Hospital Microgrids Become an Integral Part of the Energy Value Chain

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In this week’s Industry Perspectives, Schneider Electric’s Mark Feasel explains how hospital microgrids are becoming an integral part of the “energy value chain.” 

Hospitals are often pillars of the communities they serve. And, while the welfare of patients, safety of staff and comfort of visitors remain top priorities, today, leadership extends beyond healthcare to environmental sustainability. The evolution in microgrid technology is making it possible to produce reliable, critical power, more efficiently and for less money.

A microgrid manages distributed energy assets on a campus to optimize usage; joining traditional generators, renewable energy sources, energy storage and load. These local interconnected energy systems have evolved from mainly being used for backup to becoming an interactive component of the energy value chain.

Traditionally, backup power systems were passive assets. They operated in standby mode until a power incident occurred, so the site would still experience an outage. Next generation microgrids operate in concert with the larger grid. They actively predict the possibility of interruption via weather and power quality analytics to proactively isolate the microgrid and provide seamless, uninterrupted power to the facility. Furthermore, they can generate incremental revenue streams by actively providing key services to the grid without undermining the core resiliency requirement.

Sustainability drivers

What’s driving the microgrid evolution? The proliferation of the Internet of Things (IoT) and ubiquity of communication technologies along with embedded technology, means the cost of connecting and automating distributed energy resources s has come down.

Plus, regulatory policy and subsidies are empowering those who want to become a more active part of the energy value chain and use sustainable energy. In turn, end users can leverage financial vehicles such as purchase power agreements to achieve their reliability, sustainability and cost benefits without any capital outlay.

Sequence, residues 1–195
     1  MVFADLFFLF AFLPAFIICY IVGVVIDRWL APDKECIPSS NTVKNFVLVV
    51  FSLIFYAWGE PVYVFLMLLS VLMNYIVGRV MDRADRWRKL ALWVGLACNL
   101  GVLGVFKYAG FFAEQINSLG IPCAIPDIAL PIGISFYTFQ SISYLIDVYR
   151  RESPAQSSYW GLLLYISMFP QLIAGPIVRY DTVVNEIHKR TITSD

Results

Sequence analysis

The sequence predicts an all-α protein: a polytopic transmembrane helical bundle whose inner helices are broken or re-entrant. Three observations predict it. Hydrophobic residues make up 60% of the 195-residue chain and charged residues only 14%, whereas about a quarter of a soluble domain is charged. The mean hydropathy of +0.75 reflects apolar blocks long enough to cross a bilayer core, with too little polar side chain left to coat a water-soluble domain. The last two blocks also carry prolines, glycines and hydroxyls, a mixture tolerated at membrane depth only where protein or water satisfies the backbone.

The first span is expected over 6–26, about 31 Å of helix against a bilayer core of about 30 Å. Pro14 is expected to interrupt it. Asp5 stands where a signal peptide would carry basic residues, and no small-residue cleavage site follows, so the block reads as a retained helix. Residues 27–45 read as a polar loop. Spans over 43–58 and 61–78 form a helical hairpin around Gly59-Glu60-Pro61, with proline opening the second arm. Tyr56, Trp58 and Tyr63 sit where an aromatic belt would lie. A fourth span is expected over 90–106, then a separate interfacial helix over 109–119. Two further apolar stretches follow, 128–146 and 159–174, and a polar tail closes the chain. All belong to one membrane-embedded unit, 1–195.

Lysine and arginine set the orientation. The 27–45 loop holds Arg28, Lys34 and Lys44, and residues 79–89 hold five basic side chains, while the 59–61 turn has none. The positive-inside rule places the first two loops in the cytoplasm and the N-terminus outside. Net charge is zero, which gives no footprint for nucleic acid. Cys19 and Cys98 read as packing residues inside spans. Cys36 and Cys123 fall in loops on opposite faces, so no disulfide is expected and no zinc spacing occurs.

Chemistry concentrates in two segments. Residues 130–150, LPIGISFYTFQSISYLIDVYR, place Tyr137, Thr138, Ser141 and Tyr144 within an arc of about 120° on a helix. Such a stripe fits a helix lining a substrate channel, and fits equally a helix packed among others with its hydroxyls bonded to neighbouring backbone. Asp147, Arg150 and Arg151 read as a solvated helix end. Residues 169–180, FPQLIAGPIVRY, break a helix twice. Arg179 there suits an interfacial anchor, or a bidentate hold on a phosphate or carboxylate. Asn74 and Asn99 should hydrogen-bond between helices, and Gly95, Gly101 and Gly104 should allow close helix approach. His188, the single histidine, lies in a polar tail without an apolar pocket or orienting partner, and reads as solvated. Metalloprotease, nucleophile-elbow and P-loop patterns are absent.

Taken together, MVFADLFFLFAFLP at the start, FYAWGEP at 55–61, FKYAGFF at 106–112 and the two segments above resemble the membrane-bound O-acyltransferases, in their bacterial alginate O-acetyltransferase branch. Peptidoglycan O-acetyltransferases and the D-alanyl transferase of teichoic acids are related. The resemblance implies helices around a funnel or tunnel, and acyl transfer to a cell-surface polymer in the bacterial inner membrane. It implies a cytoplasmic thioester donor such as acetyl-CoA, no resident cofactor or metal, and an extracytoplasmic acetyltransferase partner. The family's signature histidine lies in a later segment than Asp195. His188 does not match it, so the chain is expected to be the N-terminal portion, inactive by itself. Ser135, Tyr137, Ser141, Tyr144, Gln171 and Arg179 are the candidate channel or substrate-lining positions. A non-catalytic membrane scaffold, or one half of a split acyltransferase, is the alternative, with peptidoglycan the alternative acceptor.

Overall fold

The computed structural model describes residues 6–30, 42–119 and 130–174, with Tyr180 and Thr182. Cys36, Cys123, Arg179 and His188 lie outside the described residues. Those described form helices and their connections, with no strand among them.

Implementing a hospital microgrid starts with mapping out your energy objectives and asking questions like: “Is my energy reliable enough to support my healthcare operation? Are we properly leading in sustainability?” “How exposed are we to increases in the cost of traditional fuels?” “How can alternative energy sources improve our long-term bottom line?” “How will my facility perform during extreme weather events?”

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Once you have the answers, you’ll be closer to defining your hospital’s energy vision for the future through leveraging microgrids. Next steps, would be a high-level study to connect business objectives to technological solutions and then a detailed audit to define the specific approach and business model for hospital microgrids.

Microgrids are about co-optimizing your core mission and energy usage — keeping people comfortable and providing a safe environment; while lowering operational costs and increasing sustainability.

What opportunities do hospitals and other critical healthcare and life science facilities have to optimize energy spend and increase capabilities of their energy systems? Learn more about this topic in a recent study and webinar from Schneider Electric: “Intelligent Healthcare Energy Partnerships: Microgrid Energy Systems, Emerging Technologies & Business Models for the US Healthcare Industry.”

Mark Feasel is vice president of Schneider Electric’s Electric Utility segment and Smart Grid business in the U.S. Learn more about Schneider Electric’s microgrid solutions. See microgrids in action by in these case studies.

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  1. Indeed microgrids including energy storage systems are a vital element to the healthcare system in emerging markets. The German company qinous has some experiences in setting up these kind of systems as the linked article shows

  2. Chris Mullen says:

    With the recent publication of malware that is poised to attack the grid,
    how are we protecting our microgrids?